Drink plenty of water during study periods and the exam; this has been linked to improved memory power. According to a study at the University of Wales (D.Benton, N Burgess – Appetite, 2009 – Elsevier.) ‘Recall was significantly better on the occasions when water had been consumed’.
Breathe deep then eat
Many students say they feel panicky prior to exams and suffer from anxiety. Many performers feel nervous before they perform and there’s at least one scientific study that says that nerves can help you to perform well, so maybe your anxious feelings are a good thing and they are going to help you to perform well!
Anxiety can sometimes make your tummy tense and your chest tight though and that’s not great. So try this, sit upright and rest one hand on your heart and one hand on your tummy. I call this the ‘Vagus Hug’ as it puts you in touch with a powerful nerve that runs from the brain through the heart to the gut and it is a powerful communication channel. Close your eyes and breathe in and count to 3 hold for a couple of seconds and as you breathe out to the count of 5 imagine your hands becoming warm and soothing to your tummy. You’ll be amazed at how quickly the tension melts. Don’t take my word for it, practice it and see for yourself.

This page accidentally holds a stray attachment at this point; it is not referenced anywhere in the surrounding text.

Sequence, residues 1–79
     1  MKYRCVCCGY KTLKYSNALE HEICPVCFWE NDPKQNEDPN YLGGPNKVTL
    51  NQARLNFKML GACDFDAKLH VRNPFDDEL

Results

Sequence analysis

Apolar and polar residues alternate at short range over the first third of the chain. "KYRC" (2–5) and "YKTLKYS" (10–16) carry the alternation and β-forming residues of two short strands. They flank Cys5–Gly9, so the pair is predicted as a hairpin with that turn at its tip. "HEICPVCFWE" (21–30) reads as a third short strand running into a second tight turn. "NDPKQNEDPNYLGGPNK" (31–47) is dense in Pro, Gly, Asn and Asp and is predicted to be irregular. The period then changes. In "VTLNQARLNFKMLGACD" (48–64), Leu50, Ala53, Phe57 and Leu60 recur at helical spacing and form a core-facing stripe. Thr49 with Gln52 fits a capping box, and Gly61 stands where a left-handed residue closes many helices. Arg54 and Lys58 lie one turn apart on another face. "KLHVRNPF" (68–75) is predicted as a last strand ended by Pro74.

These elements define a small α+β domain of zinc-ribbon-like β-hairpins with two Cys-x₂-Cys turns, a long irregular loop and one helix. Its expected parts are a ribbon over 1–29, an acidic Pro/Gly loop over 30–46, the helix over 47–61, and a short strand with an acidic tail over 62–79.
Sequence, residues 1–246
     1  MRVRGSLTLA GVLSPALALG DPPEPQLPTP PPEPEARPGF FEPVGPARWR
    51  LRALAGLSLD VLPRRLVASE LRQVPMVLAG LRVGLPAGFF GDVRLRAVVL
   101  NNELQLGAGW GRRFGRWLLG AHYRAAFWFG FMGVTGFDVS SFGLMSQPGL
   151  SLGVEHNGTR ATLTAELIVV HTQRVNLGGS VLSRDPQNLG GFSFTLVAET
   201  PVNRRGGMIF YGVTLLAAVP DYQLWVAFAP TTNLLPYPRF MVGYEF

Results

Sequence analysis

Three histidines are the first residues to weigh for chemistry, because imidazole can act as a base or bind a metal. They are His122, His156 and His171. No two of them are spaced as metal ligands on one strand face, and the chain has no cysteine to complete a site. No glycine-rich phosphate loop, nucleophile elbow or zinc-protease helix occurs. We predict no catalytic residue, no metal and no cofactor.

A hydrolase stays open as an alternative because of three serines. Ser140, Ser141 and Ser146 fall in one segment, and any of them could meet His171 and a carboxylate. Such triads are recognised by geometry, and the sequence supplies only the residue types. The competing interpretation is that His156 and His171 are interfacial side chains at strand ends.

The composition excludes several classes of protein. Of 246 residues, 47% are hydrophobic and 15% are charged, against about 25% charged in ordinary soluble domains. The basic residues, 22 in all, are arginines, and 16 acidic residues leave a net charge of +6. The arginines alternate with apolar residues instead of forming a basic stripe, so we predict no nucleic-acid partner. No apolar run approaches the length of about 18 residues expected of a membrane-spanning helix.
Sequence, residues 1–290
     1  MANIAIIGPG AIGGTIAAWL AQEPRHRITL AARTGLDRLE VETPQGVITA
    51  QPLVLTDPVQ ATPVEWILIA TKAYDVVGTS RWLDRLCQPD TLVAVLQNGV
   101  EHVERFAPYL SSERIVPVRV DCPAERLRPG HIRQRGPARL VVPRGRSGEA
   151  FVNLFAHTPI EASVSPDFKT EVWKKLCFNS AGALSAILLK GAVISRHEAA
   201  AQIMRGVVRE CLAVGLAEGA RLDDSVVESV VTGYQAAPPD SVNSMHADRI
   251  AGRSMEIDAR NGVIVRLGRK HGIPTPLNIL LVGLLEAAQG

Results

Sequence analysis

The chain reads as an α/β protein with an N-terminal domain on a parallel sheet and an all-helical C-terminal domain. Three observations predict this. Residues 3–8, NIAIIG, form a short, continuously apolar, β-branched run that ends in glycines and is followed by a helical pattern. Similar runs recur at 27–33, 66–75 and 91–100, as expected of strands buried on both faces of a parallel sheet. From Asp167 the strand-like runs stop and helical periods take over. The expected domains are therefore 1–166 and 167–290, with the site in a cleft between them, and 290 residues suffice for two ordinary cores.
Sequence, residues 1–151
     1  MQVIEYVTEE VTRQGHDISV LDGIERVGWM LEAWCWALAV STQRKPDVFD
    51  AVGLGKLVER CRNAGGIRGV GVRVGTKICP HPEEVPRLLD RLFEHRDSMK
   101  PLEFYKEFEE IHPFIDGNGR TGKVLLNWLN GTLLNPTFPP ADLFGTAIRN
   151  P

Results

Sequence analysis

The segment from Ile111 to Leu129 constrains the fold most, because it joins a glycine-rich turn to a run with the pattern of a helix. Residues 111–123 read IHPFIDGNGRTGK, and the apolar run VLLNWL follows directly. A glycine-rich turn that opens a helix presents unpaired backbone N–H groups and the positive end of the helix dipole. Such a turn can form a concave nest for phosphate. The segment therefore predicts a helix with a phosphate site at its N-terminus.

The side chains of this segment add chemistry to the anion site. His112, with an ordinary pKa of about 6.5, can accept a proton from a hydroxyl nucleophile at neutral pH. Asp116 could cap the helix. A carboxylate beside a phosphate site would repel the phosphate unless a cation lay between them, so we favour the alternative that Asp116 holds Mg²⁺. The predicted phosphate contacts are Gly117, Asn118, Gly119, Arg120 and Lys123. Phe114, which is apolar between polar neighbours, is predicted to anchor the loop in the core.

Once you feel more relaxed ensure that you eat something prior to the exam. If you feel uptight make sure it’s something easily digestible. Protein is always good and can be easily digestible if it’s something light like an omelette or scrambled eggs. Plan what you will eat on the day – have everything ready.
Are your thoughts serving or sabotaging you?
Watch out for your thoughts they can either be helpful and positive or negative and damaging. Do NOT project negative thoughts into the future… that’s just daft since the future hasn’t happened yet!
You have a choice. What are you saying to yourself about your ability to study? What are you saying to yourself about the exam itself? Modern psychology and hypnotherapy knows that it is possible to ‘future pace’ suggestions.